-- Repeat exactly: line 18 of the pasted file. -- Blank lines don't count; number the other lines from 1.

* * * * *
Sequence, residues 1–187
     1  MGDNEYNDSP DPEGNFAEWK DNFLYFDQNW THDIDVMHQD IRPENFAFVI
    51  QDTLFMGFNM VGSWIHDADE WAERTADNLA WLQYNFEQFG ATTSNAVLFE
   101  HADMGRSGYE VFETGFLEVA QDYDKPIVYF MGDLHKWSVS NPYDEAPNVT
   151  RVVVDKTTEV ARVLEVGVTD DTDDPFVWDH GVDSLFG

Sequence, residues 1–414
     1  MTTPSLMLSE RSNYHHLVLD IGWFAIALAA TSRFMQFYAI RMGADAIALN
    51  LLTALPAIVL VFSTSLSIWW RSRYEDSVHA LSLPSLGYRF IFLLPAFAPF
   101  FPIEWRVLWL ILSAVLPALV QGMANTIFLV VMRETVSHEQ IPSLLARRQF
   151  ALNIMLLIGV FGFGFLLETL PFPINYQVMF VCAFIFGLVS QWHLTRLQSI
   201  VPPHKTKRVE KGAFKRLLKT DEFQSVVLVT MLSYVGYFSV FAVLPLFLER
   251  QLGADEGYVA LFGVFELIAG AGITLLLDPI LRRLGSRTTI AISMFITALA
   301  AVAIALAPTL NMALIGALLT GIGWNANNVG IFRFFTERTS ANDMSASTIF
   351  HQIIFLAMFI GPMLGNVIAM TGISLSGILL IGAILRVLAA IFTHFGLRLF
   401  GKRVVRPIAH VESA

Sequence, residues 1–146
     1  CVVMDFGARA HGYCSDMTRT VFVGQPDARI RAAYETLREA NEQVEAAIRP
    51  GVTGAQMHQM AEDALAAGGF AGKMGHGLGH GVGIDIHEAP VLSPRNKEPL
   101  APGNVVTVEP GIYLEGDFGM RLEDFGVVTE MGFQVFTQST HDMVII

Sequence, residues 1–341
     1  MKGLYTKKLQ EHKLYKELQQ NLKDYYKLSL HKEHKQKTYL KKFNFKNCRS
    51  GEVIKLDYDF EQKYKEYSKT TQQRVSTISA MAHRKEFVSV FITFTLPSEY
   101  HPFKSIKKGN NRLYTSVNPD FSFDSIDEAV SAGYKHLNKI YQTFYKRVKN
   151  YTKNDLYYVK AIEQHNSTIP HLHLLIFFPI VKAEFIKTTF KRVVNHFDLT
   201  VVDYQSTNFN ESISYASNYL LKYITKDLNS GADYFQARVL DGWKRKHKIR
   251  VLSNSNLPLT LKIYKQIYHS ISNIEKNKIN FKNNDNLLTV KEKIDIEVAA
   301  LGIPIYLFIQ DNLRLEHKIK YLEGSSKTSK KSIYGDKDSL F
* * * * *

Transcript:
    51  GVTGAQMHQM AEDALAAGGF AGKMGHGLGH GVGIDIHEAP VLSPRNKEPL